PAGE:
What should I know about the different types of financial advisers?

Key takeaways

  • Terms used to describe those who give financial advice are not clearly defined and this can lead to confusion.
  • Generally, the term broker is used for a person who can sell you a product, while an adviser or a financial planner provides advice that may lead to the sale of a product.
  • The term financial planner is generally used to describe a professional who should provide you with a financial plan, covering all or most aspects of your financial life.
  • A tied adviser or agent typically recommends only, or mostly, products from the financial institution that employs them.
  • An independent adviser typically recommends products from a range of providers.
  • As the independence or lack of it is not always clear, the regulator is working on categorising advisers more clearly.

Financial adviser, financial planner, broker and tied adviser or agent are all terms you may come across when you consider getting financial advice.

What are the differences and what should you look for?

Know the lingo

The terms are used loosely and definitions differ, but generally the terms are used as follows:

Broker is used to describe a person who can sell you financial products such as life insurance, short-term insurance, investments and funeral products. Advisers who specialise in short-term insurance or medical schemes only, often refer to themselves as brokers, and are not able to advise you on a range of products and services.

Financial adviser is generally used to describe a person who does more than just sell you a product – they give you advice so that you get a financial product that is suitable for your needs.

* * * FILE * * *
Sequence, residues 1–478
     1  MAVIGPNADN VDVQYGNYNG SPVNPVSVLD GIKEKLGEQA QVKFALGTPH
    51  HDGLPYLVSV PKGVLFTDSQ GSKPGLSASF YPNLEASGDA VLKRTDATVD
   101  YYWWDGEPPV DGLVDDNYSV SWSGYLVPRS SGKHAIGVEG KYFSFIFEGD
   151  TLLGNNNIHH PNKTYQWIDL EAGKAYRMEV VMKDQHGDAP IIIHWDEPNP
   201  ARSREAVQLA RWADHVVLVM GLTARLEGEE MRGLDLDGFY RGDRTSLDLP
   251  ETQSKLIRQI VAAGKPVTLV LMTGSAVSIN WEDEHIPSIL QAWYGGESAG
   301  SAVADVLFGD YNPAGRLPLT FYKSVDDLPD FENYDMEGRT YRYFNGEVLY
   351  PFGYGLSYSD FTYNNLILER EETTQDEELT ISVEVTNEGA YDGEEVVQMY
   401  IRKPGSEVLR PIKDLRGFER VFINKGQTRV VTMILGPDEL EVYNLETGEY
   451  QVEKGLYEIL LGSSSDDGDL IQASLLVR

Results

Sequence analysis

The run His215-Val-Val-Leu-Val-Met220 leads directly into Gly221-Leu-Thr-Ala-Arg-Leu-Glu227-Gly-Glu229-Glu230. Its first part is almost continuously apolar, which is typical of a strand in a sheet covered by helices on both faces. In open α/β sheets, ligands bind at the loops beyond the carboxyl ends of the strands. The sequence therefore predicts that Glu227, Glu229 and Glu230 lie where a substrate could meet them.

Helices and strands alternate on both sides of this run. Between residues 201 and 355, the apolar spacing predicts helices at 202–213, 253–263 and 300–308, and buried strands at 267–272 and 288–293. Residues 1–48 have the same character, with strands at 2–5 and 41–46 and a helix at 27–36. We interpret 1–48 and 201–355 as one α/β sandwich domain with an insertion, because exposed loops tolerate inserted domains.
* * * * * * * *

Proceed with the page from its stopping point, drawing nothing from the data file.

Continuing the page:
Financial planner generally means a professional who gathers your financial and personal information and uses it to draft a financial plan, with recommendations dealing with all aspects of your financial life. Financial planners should be sufficiently skilled and experienced to consider a range of financial needs from life insurance to retirement planning and estate planning.

Although a financial planner may not deal with each aspect of your financial life themselves, they will identify the areas that should be addressed and the reasons why. If the work does not fall within their skillset or experience, they will refer you to another professional who, for example, specialises in medical schemes or short-term insurance.

Tied advisers

A tied adviser or tied agent is employed by or ‘’tied” to a particular financial institution or product supplier, such as a life insurer or a bank. They will typically recommend only, or mainly, that institution’s products.

Tied advisers may be salaried employees, or their earnings may be a combination of a salary and commission.

The commission is likely to be based on targets, which depend on the number of policies the adviser sells or the amount of money they recommend you invest in the insurer or bank’s products. The amount you invest is known as assets under management and may be invested on an investment platform in the financial institution’s group. The product provider is responsible for the advice provided by it’s employee.

Some insurers have set up franchises which tied agents work for, or own.

A tied agent who owns a franchise manages their own financial services business as a separate legal entity, but they receive support and services from the insurer.

A franchised advisory practice may be registered to give advice under its own financial services provider licence, or it may practice under the insurer’s licence.